Physical health is important for everyone, but it can be an extra challenge if you have a mental illness. Smoking, not being physically active, or other lifestyle factors may be related to the symptoms of the illness or the side effects of medication. Physical health problems can also get overlooked when there is a focus is on taking care of mental health.
Whatever the reasons, people severely affected by mental illness often experience:
- weight gain
- high blood pressure
- high cholesterol
- high blood glucose levels
These problems may lead to heart disease, diabetes or other illnesses.
Having a mental illness, then, makes it all the more important you look after your physical health too. Here are some simple but effective things that you can do to look after yourself.
A healthy lifestyle
A healthy lifestyle means enjoying yourself without risking your health. It also means stopping or reducing as much as possible things that are not healthy (such as smoking or abusing other drugs).
Being physically and mentally healthy in your day-to-day life helps make all the difference, and includes:
- eating and drinking healthily
- being physically active in your daily life
- sleeping well
- managing stress
- staying in touch with others
- stopping or cutting down smoking
SANE has developed a range of resources written specifically for people affected by mental illness who are interested in a healthy lifestyle and looking after their physical health.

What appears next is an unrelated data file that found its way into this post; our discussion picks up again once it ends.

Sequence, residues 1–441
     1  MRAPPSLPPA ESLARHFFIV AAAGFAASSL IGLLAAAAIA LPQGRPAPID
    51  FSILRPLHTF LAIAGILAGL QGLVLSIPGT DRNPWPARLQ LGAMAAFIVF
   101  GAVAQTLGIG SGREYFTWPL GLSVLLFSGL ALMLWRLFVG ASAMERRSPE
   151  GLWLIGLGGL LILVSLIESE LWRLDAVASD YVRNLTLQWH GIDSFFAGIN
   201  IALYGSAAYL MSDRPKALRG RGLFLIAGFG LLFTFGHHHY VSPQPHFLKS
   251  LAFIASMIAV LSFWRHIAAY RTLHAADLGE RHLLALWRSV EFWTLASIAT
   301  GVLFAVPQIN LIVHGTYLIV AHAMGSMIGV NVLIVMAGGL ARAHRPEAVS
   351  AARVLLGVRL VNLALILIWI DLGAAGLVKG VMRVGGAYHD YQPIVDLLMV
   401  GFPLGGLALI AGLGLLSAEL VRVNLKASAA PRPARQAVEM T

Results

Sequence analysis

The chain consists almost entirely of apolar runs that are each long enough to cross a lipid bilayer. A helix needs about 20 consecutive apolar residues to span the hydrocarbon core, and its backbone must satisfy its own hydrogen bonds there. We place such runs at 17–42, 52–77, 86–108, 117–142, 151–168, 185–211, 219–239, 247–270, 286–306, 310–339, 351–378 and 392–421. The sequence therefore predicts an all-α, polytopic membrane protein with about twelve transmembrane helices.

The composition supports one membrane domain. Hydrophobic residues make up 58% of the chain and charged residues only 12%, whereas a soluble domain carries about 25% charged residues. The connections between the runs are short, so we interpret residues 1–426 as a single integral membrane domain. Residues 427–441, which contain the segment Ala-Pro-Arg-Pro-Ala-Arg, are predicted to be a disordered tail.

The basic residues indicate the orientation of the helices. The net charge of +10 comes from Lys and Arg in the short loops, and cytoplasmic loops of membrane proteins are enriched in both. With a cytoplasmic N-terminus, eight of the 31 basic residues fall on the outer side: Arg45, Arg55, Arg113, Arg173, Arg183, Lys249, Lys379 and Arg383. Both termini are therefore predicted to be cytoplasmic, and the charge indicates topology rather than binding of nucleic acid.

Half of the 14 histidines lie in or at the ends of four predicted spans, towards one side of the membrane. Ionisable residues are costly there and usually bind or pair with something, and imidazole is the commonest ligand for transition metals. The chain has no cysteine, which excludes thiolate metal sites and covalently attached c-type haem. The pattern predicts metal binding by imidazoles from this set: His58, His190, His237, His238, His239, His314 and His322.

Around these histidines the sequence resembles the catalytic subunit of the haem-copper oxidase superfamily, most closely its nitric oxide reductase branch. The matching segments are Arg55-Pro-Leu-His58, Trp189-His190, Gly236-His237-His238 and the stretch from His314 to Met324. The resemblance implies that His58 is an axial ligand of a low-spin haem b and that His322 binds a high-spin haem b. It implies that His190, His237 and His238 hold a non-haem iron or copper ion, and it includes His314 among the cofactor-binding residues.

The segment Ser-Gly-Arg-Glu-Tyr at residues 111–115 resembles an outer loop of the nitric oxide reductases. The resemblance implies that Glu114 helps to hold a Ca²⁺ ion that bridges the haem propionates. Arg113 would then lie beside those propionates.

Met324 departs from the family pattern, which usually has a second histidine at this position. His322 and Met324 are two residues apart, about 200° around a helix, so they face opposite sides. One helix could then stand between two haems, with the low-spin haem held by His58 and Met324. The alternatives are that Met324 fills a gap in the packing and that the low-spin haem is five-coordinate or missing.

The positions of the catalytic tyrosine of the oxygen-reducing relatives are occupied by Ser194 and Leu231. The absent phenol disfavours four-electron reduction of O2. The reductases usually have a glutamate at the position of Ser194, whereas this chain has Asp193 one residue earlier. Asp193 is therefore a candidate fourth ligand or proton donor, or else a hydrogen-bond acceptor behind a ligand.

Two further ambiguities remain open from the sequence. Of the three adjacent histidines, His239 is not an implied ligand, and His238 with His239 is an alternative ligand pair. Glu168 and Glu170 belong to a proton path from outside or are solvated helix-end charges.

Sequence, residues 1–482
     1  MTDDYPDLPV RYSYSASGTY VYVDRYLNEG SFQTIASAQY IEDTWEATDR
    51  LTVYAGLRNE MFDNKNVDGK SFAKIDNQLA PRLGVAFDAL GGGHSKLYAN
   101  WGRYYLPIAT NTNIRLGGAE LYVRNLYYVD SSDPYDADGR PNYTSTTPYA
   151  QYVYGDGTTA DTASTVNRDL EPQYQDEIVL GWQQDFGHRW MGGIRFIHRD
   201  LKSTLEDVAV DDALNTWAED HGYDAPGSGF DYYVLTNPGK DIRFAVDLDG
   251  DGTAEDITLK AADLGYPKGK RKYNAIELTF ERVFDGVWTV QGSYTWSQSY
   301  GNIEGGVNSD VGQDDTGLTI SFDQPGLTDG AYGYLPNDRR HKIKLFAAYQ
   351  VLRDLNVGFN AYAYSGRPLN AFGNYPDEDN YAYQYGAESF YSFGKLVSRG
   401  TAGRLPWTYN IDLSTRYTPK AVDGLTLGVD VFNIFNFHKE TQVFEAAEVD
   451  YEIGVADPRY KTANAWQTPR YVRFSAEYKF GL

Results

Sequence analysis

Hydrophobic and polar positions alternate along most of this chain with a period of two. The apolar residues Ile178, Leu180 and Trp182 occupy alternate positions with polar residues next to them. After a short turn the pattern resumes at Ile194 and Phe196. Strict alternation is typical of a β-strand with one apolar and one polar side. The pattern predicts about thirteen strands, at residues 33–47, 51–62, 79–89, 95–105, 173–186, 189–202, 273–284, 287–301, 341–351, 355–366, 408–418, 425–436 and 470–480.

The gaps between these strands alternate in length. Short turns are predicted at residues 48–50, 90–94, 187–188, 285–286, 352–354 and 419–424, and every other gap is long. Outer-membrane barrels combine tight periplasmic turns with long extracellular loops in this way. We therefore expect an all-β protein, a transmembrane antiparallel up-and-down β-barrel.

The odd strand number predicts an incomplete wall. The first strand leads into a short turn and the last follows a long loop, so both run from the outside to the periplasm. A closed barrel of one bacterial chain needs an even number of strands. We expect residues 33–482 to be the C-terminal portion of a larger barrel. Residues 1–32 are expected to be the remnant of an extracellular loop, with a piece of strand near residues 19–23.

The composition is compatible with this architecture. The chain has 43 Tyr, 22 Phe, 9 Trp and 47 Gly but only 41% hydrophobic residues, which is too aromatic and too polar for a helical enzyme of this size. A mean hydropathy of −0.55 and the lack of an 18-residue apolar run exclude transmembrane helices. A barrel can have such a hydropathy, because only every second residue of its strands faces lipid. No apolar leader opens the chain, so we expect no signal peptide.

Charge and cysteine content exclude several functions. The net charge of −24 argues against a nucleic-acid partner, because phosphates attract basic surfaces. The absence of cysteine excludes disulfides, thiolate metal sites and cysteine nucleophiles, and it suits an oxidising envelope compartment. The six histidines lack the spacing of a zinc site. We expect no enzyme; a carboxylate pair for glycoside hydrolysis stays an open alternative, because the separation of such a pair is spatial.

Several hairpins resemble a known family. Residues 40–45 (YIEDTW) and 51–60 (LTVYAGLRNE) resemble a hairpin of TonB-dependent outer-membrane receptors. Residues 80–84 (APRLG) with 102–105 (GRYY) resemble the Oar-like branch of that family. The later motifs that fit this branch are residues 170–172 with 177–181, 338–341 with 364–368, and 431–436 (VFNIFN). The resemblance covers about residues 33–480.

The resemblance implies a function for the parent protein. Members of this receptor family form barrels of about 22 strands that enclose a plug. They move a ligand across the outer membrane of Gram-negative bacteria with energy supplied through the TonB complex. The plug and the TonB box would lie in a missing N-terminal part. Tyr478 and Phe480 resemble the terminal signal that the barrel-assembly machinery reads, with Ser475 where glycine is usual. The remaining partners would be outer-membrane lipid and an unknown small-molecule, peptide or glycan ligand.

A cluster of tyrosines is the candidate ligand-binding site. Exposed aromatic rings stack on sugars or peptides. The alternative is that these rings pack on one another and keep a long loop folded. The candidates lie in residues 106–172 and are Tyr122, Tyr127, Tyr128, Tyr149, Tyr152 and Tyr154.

For more information the SANE Guide to Healthy Living facts and guides sheet is available.
Smoking rates among people with a mental illness are much higher than the general population. SANE has developed a range of resources including the SANE Guide to Smoking and Mental Illness for people living with a mental illness who would like to stop smoking.
It’s a good idea to have a general health check when you first see your GP or psychiatrist. It’s also important to have a check-up when you start on a new medication.
Regular health checks are important for all of us to identify early signs of any problems. Early detection of any problem means earlier treatment and a better outcome.
In a health check, the doctor may:
- ask about your physical health history and that of your family members
- ask about your lifestyle (for example, about smoking or how much exercise you get)
- check your blood pressure and pulse rate
- test your blood for fats (lipids) and sugars (glucose),and how well your liver, kidney and thyroid are working
- take an ECG measurement of your heart
- measure your weight and waist (over 90 cm for women and over 100 cm for men greatly increases the risk of health problems)
- examine you for involuntary muscle movements (for example, restlessness, tremors or stiffness)
- ask you about contraception and any sexual difficulties, and for women changes relating to periods or breast-milk
- ensure regular pap smears and breast screening for women, and prostate checks for men.
See a dentist yearly and optometrist at least every two years to check the health of your teeth and eyes.